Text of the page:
A useful resource for facts, links and references on so-called maternal choice cesarean section can be found on the CfM site.


Susan Hodges, "gatekeeper"

Friday, April 18, 2008

Birth Customs

"Pay attention to the pregnant woman! There is no one as important as she!"

(Chagga saying, Uganda)

I recently finished reading the very interesting book Mamatoto. I briefly referenced this book here a few weeks ago and it was fun to finally read it. The book is essentially a look at birth in a variety of cultures (including the US). It was published by The Body Shop in 1991. Even though it is "old" it isn't really "dated" since it is a brief overview of different customs and rituals and so forth and not a lot of statistics. There are a lot of absolutely fabulous (and fascinating) pictures and illustrations. These are probably the highlight of the book. Each chapter is followed by a "black page" of "facts you don't want to know" about such things are reproductive health care policies in Romania and things like that.

One of the things that struck me about this book was that there was little distinction made between the customs of other cultures and the customs of the US. For example:

"People in Tibet believe that whether or not labour is due, a child won't come out into the world unless the star under which it's destined to be born is shining. Western medicine has developed a way of starting labour artificially, by injecting into a woman's blood a simulation of the hormone oxytocin, which triggers contractions. For several years during this century, an unusual number of women laboured between the convenient hours of nine and five on weekdays...As the Malaysians say, a baby is like a fruit; it will be born when it's ripe."

I absolutely loved seeing Western culture put into the proper context like this. Too often we see our way as THE way and forget that much of what the dominant culture views as normal for birth is not necessarily truly normal, but is instead and artifact of, or custom of, our culture. Viewed from a distance the routines of birth in American are just interesting customs--in Tibet, born when the proper star is out, in the US, born when artificial hormones are injected...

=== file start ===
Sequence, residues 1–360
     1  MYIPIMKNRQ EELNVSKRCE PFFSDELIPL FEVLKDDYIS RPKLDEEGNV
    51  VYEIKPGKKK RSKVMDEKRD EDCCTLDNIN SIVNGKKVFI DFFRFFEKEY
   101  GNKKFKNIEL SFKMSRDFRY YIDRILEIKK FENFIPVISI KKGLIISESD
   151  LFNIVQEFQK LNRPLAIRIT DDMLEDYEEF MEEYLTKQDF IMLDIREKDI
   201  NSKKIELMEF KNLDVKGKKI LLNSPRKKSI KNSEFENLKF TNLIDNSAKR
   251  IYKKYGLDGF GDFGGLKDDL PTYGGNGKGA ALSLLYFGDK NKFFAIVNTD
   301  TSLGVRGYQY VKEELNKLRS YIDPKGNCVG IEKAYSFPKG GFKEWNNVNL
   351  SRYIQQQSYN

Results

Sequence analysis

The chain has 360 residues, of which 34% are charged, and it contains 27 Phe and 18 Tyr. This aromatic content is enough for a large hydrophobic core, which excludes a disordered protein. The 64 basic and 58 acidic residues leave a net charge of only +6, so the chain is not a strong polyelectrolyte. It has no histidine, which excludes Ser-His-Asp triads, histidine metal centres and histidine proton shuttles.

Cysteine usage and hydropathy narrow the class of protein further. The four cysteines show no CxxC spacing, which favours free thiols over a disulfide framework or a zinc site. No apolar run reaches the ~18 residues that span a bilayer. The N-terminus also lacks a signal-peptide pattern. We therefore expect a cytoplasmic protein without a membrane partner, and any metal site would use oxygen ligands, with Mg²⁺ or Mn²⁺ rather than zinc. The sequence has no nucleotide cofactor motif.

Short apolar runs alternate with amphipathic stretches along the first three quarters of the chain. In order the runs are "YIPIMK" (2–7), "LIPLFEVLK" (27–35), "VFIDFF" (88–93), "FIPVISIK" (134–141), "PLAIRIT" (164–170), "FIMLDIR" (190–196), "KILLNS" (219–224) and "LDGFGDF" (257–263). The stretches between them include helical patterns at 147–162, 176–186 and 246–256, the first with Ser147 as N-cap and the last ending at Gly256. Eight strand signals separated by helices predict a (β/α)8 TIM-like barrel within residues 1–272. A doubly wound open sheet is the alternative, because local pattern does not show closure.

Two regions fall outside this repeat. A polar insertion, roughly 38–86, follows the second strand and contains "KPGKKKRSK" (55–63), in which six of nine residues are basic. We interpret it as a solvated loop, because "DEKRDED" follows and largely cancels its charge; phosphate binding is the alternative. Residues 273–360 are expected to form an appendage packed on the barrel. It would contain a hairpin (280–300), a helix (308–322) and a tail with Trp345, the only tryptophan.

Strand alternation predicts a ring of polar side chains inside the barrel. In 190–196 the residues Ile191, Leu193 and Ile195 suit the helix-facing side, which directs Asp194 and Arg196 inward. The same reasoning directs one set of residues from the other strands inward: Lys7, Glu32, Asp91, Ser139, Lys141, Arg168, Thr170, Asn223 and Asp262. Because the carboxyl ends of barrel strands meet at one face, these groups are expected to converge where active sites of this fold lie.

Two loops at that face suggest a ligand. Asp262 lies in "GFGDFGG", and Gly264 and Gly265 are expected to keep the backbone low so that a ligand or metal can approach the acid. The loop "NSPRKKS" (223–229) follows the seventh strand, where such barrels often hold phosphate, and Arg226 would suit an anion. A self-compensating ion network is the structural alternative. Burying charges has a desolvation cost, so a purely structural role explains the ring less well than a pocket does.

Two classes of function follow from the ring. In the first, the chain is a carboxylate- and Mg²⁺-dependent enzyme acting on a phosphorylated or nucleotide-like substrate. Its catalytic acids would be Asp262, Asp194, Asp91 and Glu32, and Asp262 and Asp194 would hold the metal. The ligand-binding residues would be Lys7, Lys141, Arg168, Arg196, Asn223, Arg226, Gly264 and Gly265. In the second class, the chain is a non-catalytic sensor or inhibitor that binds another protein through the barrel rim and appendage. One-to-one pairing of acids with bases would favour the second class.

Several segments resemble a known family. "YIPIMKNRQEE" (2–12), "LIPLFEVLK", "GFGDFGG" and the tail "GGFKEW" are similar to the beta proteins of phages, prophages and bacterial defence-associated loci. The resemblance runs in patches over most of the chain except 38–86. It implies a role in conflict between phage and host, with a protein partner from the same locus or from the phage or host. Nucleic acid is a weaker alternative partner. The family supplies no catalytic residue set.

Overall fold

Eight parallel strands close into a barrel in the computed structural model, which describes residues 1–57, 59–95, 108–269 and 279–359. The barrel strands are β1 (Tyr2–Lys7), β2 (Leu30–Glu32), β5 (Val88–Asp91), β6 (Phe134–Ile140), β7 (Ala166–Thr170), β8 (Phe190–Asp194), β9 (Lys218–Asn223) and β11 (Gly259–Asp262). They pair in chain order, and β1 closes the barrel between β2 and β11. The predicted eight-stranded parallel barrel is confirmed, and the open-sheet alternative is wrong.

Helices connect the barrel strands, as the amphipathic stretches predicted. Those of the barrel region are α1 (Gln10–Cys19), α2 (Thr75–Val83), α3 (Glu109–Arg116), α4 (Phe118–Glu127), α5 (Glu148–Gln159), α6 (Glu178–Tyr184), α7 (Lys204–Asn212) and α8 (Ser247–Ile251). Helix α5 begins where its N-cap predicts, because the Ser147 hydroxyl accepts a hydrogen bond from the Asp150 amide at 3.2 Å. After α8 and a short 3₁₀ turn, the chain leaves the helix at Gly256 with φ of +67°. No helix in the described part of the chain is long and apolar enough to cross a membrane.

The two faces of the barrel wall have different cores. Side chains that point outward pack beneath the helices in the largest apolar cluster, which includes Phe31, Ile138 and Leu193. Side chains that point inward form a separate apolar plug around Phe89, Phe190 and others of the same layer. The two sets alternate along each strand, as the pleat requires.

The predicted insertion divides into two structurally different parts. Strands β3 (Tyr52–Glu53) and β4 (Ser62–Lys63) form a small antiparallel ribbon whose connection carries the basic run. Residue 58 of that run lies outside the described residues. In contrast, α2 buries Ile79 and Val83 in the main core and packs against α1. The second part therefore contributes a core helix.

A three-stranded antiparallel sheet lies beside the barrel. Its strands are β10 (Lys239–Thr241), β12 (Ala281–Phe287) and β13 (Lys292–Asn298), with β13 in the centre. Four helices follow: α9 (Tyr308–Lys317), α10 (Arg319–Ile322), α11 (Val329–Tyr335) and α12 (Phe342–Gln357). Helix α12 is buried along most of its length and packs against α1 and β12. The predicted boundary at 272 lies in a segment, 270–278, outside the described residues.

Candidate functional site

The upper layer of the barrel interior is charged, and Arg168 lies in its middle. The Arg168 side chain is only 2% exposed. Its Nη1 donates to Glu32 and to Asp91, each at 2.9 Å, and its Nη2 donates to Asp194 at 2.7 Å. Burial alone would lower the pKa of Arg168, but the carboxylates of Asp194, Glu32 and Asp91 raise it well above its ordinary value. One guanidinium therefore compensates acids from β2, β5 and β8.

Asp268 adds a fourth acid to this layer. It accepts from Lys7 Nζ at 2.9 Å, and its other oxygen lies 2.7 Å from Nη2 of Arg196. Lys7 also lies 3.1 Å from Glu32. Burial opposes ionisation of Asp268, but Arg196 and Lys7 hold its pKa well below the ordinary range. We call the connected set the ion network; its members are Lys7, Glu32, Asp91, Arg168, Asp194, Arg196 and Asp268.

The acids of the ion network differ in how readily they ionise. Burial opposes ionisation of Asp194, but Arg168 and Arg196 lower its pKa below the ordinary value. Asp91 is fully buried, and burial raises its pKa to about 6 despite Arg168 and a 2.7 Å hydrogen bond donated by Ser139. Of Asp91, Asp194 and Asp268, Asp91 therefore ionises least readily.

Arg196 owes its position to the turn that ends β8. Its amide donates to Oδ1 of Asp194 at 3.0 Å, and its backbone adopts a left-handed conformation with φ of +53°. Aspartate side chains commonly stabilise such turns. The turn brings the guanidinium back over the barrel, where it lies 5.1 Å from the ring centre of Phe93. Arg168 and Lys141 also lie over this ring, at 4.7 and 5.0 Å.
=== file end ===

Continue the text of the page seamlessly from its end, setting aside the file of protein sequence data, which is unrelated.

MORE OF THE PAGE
I may not be explaining myself clearly--I just found the "distance" in perspective refreshing and interesting. It reminded me of the work of anthropologist Robbie Davis Floyd whose book Birth as an American Rite of Passage explores the "ritual" elements of hospital birth in America and compares and contrasts the "technocratic" model of care with a holistic, woman-centered model of care (an example of which would be the midwives model of care). She asserts that there are many elements of hospital births that serve as rituals to reinforce the technocratic model (rather than to serve actual purposes, but instead to send cultural messages as well as to initiate the baby into the technocratic model). Examples of ritual elements include putting on a hospital gown, riding in a wheelchair, and having a routine IV. These elements serve to enculturate the woman and baby into a particular model--a ritual function--rather than an individually appropriate method of care.

Another example from the Mamatoto book that I enjoyed was as follows:

"'Home birth' can mean different things to different people. It can mean a bedroom, dimly lit and scented with myrr; a sweatbath perched on a Guatemalan hillside, or a birthing pool in an English flat; a warm fireside in a Himalayan kitchen; the packed-snow sleeping platform of an Inuit igloos; or a one-room shack in Jamaica, with a washing line dividing the family bed and the children waiting on the other side for a first glance at the baby who will be held up for them to see. When a woman gives birth at home, she and her family have a degree of control over the event; it's their domain."